PyCaret has trained over 25 models using the time-series appropriate cross-validation and has presented a list of models in order of higher to lower performance. The best model based on this experiment for this dataset happens to be Exponential Smoothing, with a mean absolute error of 7.781.

### Model Analysis

Before we deploy this model to generate predictions for the future, we can see a couple of analysis plots to comment on the quality of our model.

```
plot_model(best, plot = 'forecast', data_kwargs = {'fh': 24})
```

Time Series Forecast Plot

```
plot_model(best, plot = 'residuals')
```

Time-Series residuals plot

```
plot_model(best, plot = 'insample')
```

Time-Series insample plot

### Model Deployment

At this point, we are ready to finalize the model and save it for future use.

```
# finalize model
final_best = finalize_model(best)
# save model
final_best = finalize_model(best)
```

To load this file back and generate predictions on future data:

```
# load model
loaded_model = load_model('my_best_model')
# generate predictions for the next 48 months
predict_model(loaded_model, fh = 48)
```

Output truncated

## Learn more about PyCaret

⭐ Tutorials | Check out the official tutorials. |
---|---|

📋 Notebooks | Example notebooks created by the community. |

📙 Blog | Tutorials and articles by contributors. |

📚 Documentation | The detailed API docs of PyCaret |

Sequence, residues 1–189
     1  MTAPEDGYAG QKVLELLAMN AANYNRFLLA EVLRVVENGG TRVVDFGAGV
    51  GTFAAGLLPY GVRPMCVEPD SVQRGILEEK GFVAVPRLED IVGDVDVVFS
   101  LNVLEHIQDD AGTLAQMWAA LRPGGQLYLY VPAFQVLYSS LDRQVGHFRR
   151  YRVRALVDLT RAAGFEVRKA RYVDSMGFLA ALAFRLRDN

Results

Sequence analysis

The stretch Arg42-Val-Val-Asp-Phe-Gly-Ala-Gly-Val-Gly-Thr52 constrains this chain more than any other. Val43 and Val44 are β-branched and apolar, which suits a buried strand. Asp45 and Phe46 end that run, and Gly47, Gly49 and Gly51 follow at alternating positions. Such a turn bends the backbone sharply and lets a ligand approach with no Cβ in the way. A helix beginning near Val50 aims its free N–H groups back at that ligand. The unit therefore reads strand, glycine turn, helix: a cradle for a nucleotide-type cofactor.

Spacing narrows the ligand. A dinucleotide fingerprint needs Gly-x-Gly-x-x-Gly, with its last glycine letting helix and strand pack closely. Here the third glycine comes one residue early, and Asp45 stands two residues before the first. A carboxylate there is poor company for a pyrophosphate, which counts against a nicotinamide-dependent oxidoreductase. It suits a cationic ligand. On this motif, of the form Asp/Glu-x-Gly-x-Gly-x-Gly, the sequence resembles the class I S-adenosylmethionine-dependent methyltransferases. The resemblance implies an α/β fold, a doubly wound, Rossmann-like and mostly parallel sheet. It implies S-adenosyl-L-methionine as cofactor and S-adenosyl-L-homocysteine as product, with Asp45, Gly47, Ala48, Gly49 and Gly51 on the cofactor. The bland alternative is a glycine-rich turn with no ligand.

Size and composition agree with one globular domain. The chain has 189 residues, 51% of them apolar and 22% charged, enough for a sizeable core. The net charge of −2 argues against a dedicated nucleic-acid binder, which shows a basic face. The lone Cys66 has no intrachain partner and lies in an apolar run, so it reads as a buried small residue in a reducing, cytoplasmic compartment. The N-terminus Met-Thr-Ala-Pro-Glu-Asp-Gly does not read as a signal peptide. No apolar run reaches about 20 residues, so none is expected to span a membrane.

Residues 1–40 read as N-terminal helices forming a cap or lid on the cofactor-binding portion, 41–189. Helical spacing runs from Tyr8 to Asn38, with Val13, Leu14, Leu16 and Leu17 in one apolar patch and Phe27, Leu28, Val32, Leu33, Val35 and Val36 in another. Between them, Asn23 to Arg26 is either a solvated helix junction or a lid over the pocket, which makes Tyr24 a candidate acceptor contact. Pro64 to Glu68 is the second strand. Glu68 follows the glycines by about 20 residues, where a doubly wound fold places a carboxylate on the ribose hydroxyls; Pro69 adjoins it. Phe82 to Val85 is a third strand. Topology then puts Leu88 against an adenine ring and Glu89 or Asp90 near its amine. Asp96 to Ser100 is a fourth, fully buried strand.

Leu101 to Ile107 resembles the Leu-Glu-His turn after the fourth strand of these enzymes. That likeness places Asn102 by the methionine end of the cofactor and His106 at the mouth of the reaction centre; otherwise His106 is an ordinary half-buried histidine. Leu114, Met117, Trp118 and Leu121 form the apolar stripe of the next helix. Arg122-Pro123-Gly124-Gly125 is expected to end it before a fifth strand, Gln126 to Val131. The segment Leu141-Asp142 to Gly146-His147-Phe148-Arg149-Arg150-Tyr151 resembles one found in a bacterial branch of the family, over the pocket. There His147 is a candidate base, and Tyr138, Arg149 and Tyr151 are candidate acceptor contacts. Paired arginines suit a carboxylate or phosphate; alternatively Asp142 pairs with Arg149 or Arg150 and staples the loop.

📺 Video Tutorials | Video tutorial of PyCaret from various events. |

## Conclusion

Time-series forecasting is a very useful skill to learn. Many real-life problems are time-series in nature. Forecasting has a range of applications in various industries, with tons of practical applications including: weather forecasting, economic forecasting, healthcare forecasting, financial forecasting, retail forecasting, business forecasting, environmental studies, social studies, and more.

Basically, any historical data with consistent intervals can be analyzed with time series analysis methods leading into a forecasting task that learns from the historical data and tries to predict the future. To conclude, there are three broad categories for time series forecasting:

- Statistical Models - Exponential smoothing, ARIMA, SARIMA, TBATS, etc.
- Machine Learning -Linear Regression, XGBoost, Random Forest, etc.
- Deep Learning - RNN, LSTM

If you would like to further build your knowledge and skills in time series forecasting, check out this amazing track of "Time Series with Python" by Datacamp. In this track, you'll learn how to manipulate time series data using pandas, work with statistical libraries including NumPy and statsmodels to analyze data, and develop your visualization skills using Matplotlib, SciPy, and seaborn. By the end of this track, you'll know how to forecast the future using ARIMA class models and generate predictions and insights using machine learning models.